Find the David in You

“So David triumphed over the Philistine with only a sling and a stone, for he had no sword.”

‭‭1 Samuel‬ ‭17:50‬ ‭NLT‬‬

There are times in our lives when we come against a mountainous Goliath. This person could come in the form of a school bully, a domineering spouse, a manipulative boss or even from a parent, sibling or close friend. Whatever form, they are a person who seeks to have power and control over you. They display an overwhelming strength that can be very intimidating. Your instinct is to want to fight them but fear, lack of resources perhaps or some other barrier keeps you from doing so. Maybe you do fight back but their coarse words or even physical strength leave you feeling even more defeated. You may cry out for help but no one seems to be willing to stand up to the giant. Maybe it feels as though God will never send help. I am confident David’s people knew exactly how that feels.

They prayed for God to send someone to defeat this overpowering beast who killed off anyone who even attempted to take him on. Day after day Goliath taunted the Israeli army. The Israelites shook in fear of him. I am confident they wondered where God was and how He was going to redeem them from the Philistines. God answered by sending David (who interestingly enough enters this story as a delivery boy checking up on his brothers.) if you’re familiar with the rest of the story then you know that David, the unlikely hero, overcomes the giant through God’s divine intervention.

When we read this story, it’s easy to pray for God to send us a “David” to triumph over our giants. I’ve prayed this prayer many times hoping God would conquer my giants the same way. But what if, God’s plan is to empower you and/or me to be our own Davids? What if ultimately we are the ones who will stand up and defeat those who seek to dominate us?

If you’re thinking in human terms, you could be wondering how that would even work? Maybe you’re thinking it’s impossible even. Jesus’ answer to that would be: “…Humanly speaking, it is impossible. But with God everything is possible.” (Matthew‬ ‭19:26‬ ‭NLT‬‬) Clearly though, if God wanted us to defeat our enemy it would’ve happened by now right? But what if it hasn’t happened simply because we’ve failed to take a stand, set boundaries and say “Enough is enough. I will not tolerate this anymore.” Think about this: the Israelites HID from Goliath. David ran toward him. The Israelites trembled when Goliath spoke. David responded to Goliath’s taunts with this: “…You come to me with sword, spear, and javelin, but I come to you in the name of the Lord of Heaven’s Armies…” (1 Samuel‬ ‭17:45‬ ‭NLT‬‬) Verse 46 begins with “Today the Lord will conquer you…” David’s secret weapon was His confident faith that he could fight this behemoth bully because God ultimately would be the driving force behind his victory! Even when others told him he couldn’t fight Goliath, David refuted their words by reminding them of how God had already protected him from brute wild animals who threatened the lives of his sheep.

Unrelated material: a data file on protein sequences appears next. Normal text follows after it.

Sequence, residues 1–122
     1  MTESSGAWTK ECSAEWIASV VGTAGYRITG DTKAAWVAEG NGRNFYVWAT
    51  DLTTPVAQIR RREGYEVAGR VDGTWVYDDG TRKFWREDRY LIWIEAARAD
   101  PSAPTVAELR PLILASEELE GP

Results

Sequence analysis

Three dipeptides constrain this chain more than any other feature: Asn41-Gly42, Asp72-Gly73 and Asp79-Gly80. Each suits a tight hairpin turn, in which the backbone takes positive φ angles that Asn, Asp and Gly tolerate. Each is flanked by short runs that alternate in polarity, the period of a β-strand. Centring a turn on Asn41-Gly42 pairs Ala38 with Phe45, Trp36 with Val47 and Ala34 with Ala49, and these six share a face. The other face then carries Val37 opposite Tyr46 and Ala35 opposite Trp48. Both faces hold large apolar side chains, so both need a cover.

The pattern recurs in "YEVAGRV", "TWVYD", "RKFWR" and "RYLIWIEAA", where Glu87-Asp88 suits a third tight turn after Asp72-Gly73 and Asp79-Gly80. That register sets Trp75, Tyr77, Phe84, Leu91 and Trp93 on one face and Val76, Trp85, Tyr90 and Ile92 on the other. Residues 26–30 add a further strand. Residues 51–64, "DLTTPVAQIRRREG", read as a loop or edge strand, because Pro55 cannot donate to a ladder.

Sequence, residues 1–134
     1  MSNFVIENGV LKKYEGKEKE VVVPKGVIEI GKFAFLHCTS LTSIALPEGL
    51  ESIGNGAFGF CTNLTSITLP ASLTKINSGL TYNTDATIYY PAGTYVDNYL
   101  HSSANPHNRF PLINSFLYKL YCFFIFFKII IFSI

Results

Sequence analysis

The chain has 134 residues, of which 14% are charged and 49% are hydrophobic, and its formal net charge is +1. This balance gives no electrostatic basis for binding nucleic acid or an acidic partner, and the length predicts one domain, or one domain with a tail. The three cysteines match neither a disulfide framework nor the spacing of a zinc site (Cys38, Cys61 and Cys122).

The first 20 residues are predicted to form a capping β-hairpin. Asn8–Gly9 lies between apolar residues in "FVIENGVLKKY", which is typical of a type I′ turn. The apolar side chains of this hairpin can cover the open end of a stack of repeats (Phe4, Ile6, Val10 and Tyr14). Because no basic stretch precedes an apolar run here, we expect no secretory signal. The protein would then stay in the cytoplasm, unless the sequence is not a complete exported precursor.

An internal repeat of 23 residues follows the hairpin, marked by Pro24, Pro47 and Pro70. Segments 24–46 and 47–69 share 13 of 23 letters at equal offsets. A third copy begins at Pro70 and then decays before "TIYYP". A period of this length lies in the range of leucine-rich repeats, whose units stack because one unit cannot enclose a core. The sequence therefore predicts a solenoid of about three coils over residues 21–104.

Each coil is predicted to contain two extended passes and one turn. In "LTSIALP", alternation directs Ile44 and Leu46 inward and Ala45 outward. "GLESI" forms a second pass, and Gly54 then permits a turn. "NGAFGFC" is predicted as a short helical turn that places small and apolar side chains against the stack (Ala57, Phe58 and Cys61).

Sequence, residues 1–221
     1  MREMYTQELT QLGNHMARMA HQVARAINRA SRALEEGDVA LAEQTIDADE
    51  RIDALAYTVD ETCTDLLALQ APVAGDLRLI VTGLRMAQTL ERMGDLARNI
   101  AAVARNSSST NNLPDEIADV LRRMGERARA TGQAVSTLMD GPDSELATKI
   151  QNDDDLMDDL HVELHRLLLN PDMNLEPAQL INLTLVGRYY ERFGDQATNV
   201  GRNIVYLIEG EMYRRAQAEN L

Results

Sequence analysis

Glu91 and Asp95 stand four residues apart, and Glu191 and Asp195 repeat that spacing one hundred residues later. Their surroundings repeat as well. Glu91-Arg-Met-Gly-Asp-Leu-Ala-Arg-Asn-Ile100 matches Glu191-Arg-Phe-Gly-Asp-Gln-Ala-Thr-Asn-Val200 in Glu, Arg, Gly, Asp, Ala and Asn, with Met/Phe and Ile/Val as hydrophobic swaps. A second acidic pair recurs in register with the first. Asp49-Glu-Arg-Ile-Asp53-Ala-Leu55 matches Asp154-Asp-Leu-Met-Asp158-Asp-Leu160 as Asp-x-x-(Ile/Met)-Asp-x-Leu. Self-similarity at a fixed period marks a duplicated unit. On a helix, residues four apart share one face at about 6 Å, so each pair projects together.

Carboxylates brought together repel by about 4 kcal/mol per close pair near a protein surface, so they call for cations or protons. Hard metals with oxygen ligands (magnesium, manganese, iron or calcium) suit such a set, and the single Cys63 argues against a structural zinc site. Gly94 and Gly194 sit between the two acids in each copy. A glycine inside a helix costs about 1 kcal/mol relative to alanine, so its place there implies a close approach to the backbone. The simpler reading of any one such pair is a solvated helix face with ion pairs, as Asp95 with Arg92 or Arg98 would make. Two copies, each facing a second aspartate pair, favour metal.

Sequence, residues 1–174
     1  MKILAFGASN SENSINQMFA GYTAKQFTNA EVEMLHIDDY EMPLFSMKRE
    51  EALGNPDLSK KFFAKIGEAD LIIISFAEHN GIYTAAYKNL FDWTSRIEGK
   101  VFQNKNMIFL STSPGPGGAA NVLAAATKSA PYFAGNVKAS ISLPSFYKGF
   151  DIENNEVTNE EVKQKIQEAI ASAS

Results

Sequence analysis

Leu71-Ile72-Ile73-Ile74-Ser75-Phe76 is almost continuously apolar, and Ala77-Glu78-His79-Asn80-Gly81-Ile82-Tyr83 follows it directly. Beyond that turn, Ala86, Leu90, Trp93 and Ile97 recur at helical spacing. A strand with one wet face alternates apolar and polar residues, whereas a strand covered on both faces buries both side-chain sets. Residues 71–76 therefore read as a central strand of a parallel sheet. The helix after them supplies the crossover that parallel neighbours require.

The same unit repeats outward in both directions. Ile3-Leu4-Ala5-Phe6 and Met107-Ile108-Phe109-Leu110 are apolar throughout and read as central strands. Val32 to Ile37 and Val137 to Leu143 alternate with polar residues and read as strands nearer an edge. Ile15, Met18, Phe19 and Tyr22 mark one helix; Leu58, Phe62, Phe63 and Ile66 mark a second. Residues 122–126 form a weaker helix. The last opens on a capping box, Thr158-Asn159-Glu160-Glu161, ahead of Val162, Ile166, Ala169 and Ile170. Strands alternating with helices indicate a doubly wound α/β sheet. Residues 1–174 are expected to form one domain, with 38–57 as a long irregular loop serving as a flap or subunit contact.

David’s triumph over Goliath is a reminder of the warrior God has made each of us to be. We aren’t made to be prisoners of war or ladies in waiting locked away in a tower guarded by a dragon. We were made to be conquerors over all the real enemy throws at us including bullies, controllers, abusers, and overbearing people. How do we do that? How do we fight and become conquerors in our own trials and tribulations? Here are some useful tips I have been applying in my own life to become the David who defeats my giants.

1.) Set boundaries for yourself that protect you physically, emotionally and spiritually. This may look like telling someone not to speak to you a certain way but could also mean having to cut off total communication if the person continues to be demanding, abusive, harassing, or manipulative. This may also come in the form of police involvement or obtaining a personal protection order if the person’s actions violate your physical safety.

2.) Controllers do not like boundaries or being told what to do so once boundaries are set, expect backlash or retaliation. Do NOT tremble or cower from this. Be consistent in setting boundaries no matter how intimidating your controller becomes. Even if your heart is racing and fear tries to consume you, stand firm.

3.) Pray continuously and stand on Exodus 14:14. The Lord will fight for you, you need only to remain calm!

4.) If name calling or manipulation is the weapon of choice for your giant, do not feed into their lies. Stand on God’s truth and focus on what God says about you. Our enemies will never define us as good. They will always seek to be destructive because of their toxic make-up. That is their issue-don’t make it yours. God’s opinion of us supersedes any other, especially that of our enemies.

5.) Read the book of Psalms. David was taunted by more than one giant in his lifetime. Psalms is full of times he had to repeatedly remind himself of God’s victories in his life. Even when he feared for his own and was hiding in a cave from Saul David continued to praise God as a way of reminding himself that God would deliver him once again. (Psalms 57 and Psalms 142.)

6.) Don’t focus on your enemies’ actions. This gives them more power and can grow more fear, develop a root of bitterness and turn you toxic. Focus on God’s ability and His promise of deliverance. Praise Him in your storm.